We are happy to announce that our article on “Drug Clinical Trials Legislation in the European Union” has been published on the Indian Journal of Law and Technology (https://www.ijlt.in/).
You may read it here or here.
The purpose of the article is to illustrate the basic tenets of European Union law on clinical trials. Such body of law has been progressively harmonized in the European Union over the years with the aim of subjecting interventional clinical trials conducted in any of the 27 European Union Member States to identical rules.
The article initially describes the reasons why clinical trials are important to measure the safety, efficacy and cost-effectiveness of innovative medical treatment. It then continues by illustrating the scope and basic principles of the current EU Regulation, as well as its main changes over the previous legislation. Further, the article explains the requirements of the scientific and the ethical approvals of a clinical trial application. Lastly, the authors focus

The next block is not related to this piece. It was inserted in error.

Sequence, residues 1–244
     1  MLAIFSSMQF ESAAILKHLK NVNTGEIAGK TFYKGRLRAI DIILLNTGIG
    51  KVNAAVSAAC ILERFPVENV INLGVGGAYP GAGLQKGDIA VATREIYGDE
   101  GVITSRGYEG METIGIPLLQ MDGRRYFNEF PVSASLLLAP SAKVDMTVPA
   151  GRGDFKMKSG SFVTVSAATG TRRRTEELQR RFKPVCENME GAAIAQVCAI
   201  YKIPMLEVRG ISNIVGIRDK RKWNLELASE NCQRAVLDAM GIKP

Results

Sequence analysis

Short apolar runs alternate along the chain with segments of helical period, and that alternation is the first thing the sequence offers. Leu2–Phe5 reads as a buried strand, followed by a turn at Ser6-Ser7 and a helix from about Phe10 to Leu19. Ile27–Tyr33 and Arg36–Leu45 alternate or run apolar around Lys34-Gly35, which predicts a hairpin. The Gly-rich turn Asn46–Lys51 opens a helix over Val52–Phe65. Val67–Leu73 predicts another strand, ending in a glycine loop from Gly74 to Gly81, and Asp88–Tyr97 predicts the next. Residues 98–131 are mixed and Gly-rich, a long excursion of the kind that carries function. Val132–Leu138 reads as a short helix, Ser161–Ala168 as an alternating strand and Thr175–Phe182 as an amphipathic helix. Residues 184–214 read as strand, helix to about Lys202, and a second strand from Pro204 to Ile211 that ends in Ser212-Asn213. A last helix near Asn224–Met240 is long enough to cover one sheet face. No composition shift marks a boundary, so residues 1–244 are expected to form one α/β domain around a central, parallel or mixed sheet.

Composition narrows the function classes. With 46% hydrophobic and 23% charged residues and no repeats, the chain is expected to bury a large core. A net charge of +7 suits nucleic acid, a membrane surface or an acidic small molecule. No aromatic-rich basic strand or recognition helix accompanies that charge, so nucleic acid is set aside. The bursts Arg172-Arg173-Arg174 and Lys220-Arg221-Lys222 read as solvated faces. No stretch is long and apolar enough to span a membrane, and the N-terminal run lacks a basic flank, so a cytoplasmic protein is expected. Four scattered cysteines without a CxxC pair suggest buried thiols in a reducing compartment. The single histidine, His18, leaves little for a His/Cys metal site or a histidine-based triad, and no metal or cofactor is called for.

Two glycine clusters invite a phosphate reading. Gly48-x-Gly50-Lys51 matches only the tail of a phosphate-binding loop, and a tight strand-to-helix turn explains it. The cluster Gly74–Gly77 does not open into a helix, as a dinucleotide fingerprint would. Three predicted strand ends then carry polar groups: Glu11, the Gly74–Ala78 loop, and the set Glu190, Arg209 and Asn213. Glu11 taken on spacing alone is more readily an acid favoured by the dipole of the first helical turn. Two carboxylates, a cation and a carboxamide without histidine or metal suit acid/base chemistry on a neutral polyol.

on the patients’ consent to the enrollment in a clinical trial, as well as to the patients’ separate consent to the processing of their personal data
Flavio Monfrini and I are very proud to be recognized as “excellent” counsels in the life sciences sector by Leaders League.
That’s what we strive for all day and every day, and it’s great when others notice!
Join us in (modest and distanced) celebrations of this achievement.
On June 4, 2021 the EU Commission approved new standard contractual clauses (“SCC“), which are regarded to provide appropriate safeguards within the meaning of Article 46(1) and (2) (c) of the GDPR.
The new SCC are updated with GDPR, the opinions expressed during the course of the consultation phase (including those of the European Data Protection Board and the European Data Protection Supervisor), as well as take into account the recent Schrems II judgement of the Court of Justice.
There are two different sets of SCC: (i) for data transfers from controllers or processors in the EU/EEA (or otherwise subject to the GDPR) and (ii) to controllers or processors established outside the EU/EEA (and not subject to the GDPR).
The new SCC promise “more flexibility for complex processing chains, through a ‘modular approach’ and by offering the possibility for more than two parties to join and use the clauses“.
If you or your company are using the old SCC, you have a transition period of 18 months.